If you’re planning a trip to a high-altitude environment, you may have heard about ‘altitude sickness’. This temporary condition can derail trips for work or leisure to high-altitude environments, so let’s talk about what altitude sickness is and how to prevent it.
What Is Altitude Sickness?
Altitude sickness, also called high-altitude sickness or acute mountain sickness, is a temporary condition that can develop in individuals who travel to high altitude environments. This condition happens when a person exerts themselves at a higher altitude than they are accustomed to before acclimating to the environment.
Why do high altitudes affect the body? There are lower oxygen levels and lower air pressure at high altitude levels. Even though your body increases your breathing and heart rate to oxygenate your blood, your body is still working with less oxygen than it is used to. When your blood oxygen levels become too low, you can develop altitude sickness.
The biggest risk factor for altitude sickness is your rate of ascent compared to your overall altitude. People who have previously had altitude sickness are at a higher risk of developing this condition. People who live at lower elevations are also at a higher risk.
What are the First Signs of Altitude Sickness?
Altitude sickness is brought on by traveling to a high altitude too quickly. The best thing you can do when you notice symptoms is to stop your ascent and give your body time to adjust since your cardiovascular system quickly adapts to low-oxygen environments. So, what are the first signs of altitude sickness?
There are many ways that acute (sudden and temporary) mountain sickness can manifest, with symptoms ranging from mild to severe.
- Mild altitude sickness is characterized by nausea and/or vomiting, headache, fatigue, a lack of appetite, weakness, and insomnia. These symptoms generally go away on their own within a couple of days.
- Moderate altitude sickness includes the same symptoms as mild; however, they may not improve with medication. Moderate mountain sickness can also include symptoms such as disorientation and ataxia (a decrease in or loss of coordination).
- Severe altitude sickness includes conditions such as high-altitude pulmonary edema (where fluid gathers in the lungs) and high-altitude cerebral edema (where fluid gathers on the brain). Both of these types of altitude sickness require an immediate descent as well as medical attention. Severe altitude sickness is characterized by a shortness of breath at rest, coughing, a bluish skin color, frothy and/or bloody sputum (mucus from the lungs), confusion, or loss of consciousness.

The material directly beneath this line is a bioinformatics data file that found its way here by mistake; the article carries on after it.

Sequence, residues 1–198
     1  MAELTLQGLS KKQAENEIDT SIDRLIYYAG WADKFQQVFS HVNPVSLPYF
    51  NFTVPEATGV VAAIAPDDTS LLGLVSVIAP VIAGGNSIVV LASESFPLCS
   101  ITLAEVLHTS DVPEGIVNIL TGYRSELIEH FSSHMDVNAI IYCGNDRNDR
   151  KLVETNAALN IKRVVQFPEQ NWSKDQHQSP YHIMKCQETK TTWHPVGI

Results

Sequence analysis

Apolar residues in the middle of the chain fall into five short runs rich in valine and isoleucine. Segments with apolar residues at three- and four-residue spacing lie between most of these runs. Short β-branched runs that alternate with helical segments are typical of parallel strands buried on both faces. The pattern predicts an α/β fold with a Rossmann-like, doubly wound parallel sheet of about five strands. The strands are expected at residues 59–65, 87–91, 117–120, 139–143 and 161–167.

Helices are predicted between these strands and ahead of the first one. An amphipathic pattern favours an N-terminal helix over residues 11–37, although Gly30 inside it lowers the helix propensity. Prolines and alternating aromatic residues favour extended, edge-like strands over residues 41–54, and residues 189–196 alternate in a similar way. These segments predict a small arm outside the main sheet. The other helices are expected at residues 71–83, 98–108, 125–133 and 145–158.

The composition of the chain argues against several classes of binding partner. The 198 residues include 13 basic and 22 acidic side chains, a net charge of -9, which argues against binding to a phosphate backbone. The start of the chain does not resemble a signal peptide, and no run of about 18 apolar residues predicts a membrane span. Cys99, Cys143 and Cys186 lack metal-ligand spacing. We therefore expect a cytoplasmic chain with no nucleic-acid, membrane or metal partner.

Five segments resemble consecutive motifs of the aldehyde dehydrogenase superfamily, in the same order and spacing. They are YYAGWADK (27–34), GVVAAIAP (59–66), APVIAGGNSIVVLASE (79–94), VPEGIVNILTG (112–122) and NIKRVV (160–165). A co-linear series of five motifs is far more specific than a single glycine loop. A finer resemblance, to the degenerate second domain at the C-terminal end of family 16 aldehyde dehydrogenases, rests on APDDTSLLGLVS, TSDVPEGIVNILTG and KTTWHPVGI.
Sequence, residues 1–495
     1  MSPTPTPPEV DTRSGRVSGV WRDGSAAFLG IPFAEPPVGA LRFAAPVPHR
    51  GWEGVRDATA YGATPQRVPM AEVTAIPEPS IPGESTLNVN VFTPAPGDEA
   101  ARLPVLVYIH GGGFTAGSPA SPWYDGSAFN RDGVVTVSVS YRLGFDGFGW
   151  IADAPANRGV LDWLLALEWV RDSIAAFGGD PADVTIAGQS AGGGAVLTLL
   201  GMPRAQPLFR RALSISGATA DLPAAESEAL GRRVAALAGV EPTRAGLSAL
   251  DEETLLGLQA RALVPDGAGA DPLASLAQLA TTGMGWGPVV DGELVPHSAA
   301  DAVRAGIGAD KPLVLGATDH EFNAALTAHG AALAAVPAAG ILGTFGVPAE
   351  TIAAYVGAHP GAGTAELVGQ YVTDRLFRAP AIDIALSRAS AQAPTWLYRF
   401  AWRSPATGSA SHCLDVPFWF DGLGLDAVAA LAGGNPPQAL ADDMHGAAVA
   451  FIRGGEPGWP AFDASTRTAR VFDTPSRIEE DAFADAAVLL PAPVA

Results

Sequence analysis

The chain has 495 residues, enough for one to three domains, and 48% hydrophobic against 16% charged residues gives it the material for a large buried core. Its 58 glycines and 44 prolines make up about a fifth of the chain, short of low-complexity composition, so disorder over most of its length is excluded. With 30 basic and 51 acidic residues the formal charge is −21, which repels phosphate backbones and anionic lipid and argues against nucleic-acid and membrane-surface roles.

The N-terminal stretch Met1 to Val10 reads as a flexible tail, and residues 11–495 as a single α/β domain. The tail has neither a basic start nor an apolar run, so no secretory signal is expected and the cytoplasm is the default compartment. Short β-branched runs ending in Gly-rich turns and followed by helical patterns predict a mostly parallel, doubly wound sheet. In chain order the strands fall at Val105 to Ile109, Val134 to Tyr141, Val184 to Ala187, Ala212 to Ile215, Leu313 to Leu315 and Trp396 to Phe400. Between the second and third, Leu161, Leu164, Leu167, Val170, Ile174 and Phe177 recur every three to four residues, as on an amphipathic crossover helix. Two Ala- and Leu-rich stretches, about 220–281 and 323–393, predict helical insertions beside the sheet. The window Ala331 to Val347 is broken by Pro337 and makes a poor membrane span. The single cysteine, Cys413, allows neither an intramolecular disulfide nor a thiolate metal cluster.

Most people’s symptoms start mild, so if you notice that you feel nauseous or short of breath, have a headache, or feel unusually fatigued, pause what you’re doing and give your body a break. Mild altitude sickness generally resolves on its own within a couple of days.
If you have severe symptoms, you need to descent immediately. A person whose symptoms are mild but do not improve with rest must also promptly descend to a lower altitude. Low blood oxygen can contribute to more problems than just altitude sickness. You can learn more about how low blood oxygen affects the body here.
Treating Altitude Sickness
What is the best remedy for altitude sickness? Stop what you’re doing and rest. That’s it. Your symptoms will go away on their own with some time. But rest isn’t the only way to treat altitude sickness. These tips can help you get back on your feet fast.
- Rest! We can’t say it enough.
- Avoid alcohol during recovery just like you would with any other illness.
- Don’t overexert yourself while you are recovering, since doing so can make symptoms worse and prolong your recovery.
- Over-the-counter altitude sickness medications such as Diamox can help improve your symptoms. If you don’t have these medications, painkillers and anti-nausea medication can help improve your symptoms while you rest.
- If your symptoms are severe, it’s important to descend to a lower altitude and seek medical attention promptly.
- If your symptoms are mild but do not improve with rest, descend to a lower altitude.
- When it comes to altitude sickness prevention, planning your trip with enough time to get acclimated to the environment is your best bet. Ginkgo Biloba supplements may also reduce your risk of developing acute mountain sickness, but the evidence here is inconclusive.
Altitude Sickness Prevention
Benjamin Franklin once said that ‘An ounce of prevention is worth a pound of cure’. He may not have been talking about altitude sickness, but his truism is correct all the same. By preventing altitude sickness, you don’t have to take time out of work or play to recover. So, how do you do this?
The best way to prevent altitude sickness is to ascend gradually to high altitudes. Plan your trip so that you give yourself time to adjust to the lower oxygen levels in the mountains. Staying hydrated and avoiding (or at least reducing) alcohol can also help your body adjust to the climate faster and avoid unwanted symptoms.
IV Hydration for Altitude Sickness
Mobile IV hydration with Drip Hydration is a fast and effective way to combat the symptoms of altitude sickness in your home, office, or hotel AirBnB in Denver.
Why IV hydration? No one wants to drink a full glass of water when they’re feeling nauseous from altitude sickness. IV therapy bypasses your stomach since it is administered directly into your bloodstream so that you can rehydrate without having to upset your stomach further.
Although IV hydration may not be able to prevent altitude sickness, it can help you recover faster and improve how you feel. Drip Hydration offers IV add-ons such as anti-nausea and anti-inflammatory medications to help improve your symptoms and your comfort. Many of our IV formulas contain essential vitamins to boost your immune system’s function, helping you feel your best and stay healthy for your trip.